There’s something about the extras that come with the Saturday paper. It’s more than the sport, business and headlines. It’s the culture, the longer articles that you can lose yourself in or the reviews of the latest movie, book or show.
Last Saturday I sat back and soaked it in. Especially took note of this hour of quiet where it’s just the paper, my coffee and me. The family are still in bed. Oh, except for Beanie, our pup. She’s usually racing around outside and from time to time pops in to remind me she’s not far away.
Gee, I enjoyed it.
“Joy is not a constant. It comes to us in moments – often ordinary moments. Sometimes we miss out on the burst of joy because we’re too busy chasing down extraordinary moments. Other times we’re so afraid of the dark that we don’t dare let ourselves enjoy the light.”1
These past few days I’ve been stopping to take note of the ordinariness of life.
Pausing. To appreciate. The ordinary.
Sometimes I’d take a photo. Of our Beanie-boo as she slept; or our gorgeous bougainvillea as it blooms. Or being still with my wife as we I sat in one display home waiting for the rain deluge to pass before we moved onto the next one.
I was prompted to do this as part of an e-course I’m doing that is hosted by Brené Brown. I’m a big fan of Brené’s work. She’s a research professor specialising in shame, authenticity and belonging. Many people are aware of her Ted Talks on Vulnerability that have been viewed by gazillions. In her book (where the above quote comes from) we’re using as the key fact base for the course, Brené refers to her research findings to support all her conclusions and recommendations.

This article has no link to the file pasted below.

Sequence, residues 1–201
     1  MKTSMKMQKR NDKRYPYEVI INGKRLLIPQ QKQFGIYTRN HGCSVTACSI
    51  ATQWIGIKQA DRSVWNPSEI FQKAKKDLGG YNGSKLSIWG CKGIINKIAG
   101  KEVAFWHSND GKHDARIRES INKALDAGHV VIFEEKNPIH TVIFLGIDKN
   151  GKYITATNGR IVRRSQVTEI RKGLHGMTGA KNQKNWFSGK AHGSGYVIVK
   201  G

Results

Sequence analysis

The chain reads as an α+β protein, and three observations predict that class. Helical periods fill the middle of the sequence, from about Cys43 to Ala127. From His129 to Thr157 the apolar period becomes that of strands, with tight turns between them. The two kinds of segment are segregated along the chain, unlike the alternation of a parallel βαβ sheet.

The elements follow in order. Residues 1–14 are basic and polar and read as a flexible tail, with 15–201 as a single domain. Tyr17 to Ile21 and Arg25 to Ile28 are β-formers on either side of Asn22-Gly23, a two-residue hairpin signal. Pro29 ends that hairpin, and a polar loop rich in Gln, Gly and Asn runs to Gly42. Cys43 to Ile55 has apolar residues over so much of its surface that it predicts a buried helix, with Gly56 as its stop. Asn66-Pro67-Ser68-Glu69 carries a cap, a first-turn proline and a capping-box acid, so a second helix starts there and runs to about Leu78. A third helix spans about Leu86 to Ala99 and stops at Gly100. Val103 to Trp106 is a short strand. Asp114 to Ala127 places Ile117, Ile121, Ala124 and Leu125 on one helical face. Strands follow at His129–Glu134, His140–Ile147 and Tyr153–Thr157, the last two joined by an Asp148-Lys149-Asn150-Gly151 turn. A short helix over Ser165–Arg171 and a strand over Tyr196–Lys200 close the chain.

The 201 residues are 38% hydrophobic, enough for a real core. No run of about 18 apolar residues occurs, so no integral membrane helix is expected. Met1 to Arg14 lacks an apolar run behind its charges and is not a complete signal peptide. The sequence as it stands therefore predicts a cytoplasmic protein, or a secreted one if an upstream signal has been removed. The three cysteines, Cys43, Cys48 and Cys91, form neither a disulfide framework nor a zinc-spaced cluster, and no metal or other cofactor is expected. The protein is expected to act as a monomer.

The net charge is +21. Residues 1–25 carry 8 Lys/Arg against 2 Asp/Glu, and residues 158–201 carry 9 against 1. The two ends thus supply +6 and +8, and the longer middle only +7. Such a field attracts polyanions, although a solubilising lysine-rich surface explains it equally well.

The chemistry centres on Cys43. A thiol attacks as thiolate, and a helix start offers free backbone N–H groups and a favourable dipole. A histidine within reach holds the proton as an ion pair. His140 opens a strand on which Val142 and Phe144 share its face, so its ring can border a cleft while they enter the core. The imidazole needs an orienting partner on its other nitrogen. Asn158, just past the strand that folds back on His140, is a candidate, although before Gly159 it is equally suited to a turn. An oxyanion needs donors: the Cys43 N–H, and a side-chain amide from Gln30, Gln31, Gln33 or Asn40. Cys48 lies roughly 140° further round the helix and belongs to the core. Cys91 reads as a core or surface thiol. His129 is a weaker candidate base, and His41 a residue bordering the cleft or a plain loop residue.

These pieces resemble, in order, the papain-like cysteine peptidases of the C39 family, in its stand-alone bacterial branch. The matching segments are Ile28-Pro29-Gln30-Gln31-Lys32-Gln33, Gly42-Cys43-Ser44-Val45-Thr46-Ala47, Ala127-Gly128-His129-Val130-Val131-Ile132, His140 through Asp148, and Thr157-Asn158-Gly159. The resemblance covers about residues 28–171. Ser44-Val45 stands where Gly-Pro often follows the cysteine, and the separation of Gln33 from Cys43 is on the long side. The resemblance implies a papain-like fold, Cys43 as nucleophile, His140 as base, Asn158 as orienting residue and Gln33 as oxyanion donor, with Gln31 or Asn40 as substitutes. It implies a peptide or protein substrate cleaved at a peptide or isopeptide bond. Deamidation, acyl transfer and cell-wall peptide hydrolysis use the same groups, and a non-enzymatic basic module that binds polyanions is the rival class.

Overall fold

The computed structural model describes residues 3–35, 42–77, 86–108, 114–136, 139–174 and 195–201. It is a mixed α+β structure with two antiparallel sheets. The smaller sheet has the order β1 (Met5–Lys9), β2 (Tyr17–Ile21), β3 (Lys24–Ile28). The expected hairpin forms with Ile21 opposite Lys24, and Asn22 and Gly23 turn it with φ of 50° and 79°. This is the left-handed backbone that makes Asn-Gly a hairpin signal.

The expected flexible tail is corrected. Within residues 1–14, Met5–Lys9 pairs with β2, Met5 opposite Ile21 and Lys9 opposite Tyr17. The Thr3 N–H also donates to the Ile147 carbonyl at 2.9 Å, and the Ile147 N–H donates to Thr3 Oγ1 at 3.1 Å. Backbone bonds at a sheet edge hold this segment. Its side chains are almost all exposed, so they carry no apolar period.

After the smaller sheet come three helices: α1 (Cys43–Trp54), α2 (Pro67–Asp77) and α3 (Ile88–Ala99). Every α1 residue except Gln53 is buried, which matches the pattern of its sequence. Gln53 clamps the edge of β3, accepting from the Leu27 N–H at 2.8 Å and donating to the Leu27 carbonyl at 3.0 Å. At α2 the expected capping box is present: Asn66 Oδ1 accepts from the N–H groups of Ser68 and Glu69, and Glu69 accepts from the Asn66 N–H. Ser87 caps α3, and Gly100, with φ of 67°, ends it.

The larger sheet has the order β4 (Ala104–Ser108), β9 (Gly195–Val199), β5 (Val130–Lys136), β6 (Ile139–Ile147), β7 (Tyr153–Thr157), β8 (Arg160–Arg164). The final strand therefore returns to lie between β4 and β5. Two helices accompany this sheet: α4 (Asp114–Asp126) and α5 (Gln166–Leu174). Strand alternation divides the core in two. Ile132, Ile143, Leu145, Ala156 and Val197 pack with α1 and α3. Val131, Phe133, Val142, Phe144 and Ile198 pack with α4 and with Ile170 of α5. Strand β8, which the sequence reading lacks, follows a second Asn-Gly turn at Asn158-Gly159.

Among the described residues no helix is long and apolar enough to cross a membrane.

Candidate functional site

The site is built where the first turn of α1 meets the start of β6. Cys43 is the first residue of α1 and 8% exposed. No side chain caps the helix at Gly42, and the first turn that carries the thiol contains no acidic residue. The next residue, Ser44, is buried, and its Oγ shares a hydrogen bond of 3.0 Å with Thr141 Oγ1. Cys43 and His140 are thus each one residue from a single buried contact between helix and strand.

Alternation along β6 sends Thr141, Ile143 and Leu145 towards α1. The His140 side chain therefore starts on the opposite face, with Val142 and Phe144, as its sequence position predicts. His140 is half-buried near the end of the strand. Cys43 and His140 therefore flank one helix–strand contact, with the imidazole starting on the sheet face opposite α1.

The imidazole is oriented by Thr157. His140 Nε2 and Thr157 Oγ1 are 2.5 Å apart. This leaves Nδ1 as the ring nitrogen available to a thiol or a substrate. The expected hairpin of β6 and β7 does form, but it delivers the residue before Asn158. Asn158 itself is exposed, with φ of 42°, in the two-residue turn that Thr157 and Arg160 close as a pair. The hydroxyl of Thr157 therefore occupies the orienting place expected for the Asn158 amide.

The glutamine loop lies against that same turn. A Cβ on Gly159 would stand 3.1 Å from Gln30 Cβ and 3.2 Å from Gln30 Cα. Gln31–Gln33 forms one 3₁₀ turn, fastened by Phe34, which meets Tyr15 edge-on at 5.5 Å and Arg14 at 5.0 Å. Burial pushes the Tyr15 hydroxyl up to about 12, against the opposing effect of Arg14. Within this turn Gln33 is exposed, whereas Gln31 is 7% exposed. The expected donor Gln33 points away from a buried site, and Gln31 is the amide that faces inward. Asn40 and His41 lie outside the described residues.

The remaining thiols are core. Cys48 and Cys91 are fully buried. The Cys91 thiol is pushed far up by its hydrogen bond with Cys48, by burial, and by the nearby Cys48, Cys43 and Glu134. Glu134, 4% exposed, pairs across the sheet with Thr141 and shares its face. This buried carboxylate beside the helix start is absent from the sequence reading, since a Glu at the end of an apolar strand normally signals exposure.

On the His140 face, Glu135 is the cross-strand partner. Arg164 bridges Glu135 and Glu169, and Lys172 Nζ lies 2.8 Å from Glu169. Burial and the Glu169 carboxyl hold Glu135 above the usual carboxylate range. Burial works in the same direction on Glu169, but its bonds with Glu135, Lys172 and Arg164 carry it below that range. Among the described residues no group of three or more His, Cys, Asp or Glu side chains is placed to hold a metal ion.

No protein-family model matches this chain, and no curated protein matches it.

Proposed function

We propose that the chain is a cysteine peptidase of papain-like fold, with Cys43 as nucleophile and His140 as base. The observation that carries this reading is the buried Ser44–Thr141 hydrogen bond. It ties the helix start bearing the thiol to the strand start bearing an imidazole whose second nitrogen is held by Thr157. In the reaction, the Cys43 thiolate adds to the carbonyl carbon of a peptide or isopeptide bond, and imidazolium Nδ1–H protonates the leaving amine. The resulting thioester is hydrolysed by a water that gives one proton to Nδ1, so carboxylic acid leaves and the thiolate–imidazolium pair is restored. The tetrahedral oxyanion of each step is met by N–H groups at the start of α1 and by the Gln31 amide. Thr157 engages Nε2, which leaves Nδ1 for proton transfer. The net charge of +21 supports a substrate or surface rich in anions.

“Having joyful experiences is not what makes us grateful. Recognize that it’s the opposite: Practicing gratitude leads to joyful experiences.” (Brené Brown)
The exercise for this week was to produce an “Ordinary Moments Scrapbook” by taking photos of those moments where you experience joy. The photos included in this post are a sample of those in my scrapbook.
This practice reminded me of a chapter in “One Thousand Gifts” by Ann Voskamp. Ann’s a wonderful example of someone who practices gratitude. Ann was reflecting on her youngest child (five years old) taking photos around their house with Ann’s camera. When she showed mummy the photos, Ann got a different perspective on the everyday, simply because they were taken by a short person. A short person sees everything differently, not just because of their lack of experience, but simply because of their height!
Remember when you were a kid, every new experience was so often exciting, simply because it was new and thrilling. Most kids haven’t had their optimistic view of the world deflated yet so every new thing is exciting.
And so often those experiences are … awesome.
I think that’s what fearing God is about. When we’re in awe, our hearts are open. We’re grateful, we’re thankful; we’re in a state of worship.
Just where our Father wants us to be.
“Awe … awe ignites joy … and we are in deepest happiness in the posture of grateful worship.”2
I so enjoyed these past few days.
“Joy is additive. When we practice gratitude we fill our joy reserves.” (Brené Brown)
I’d encourage you to do the something similar or simply take time to pause and enjoy the ordinary. Whether that’s catching a sunrise, taking the kids to school, or holding hands with the one you love.
Let time stand still for a moment.
Listen to your heart.
Notes: 1. “The Gifts of Imperfection.” Brené Brown. Hazelden 2010. p80-81. 2. “One thousand Gifts.” Ann Voskamp Zondervan, First Ed 2010, p167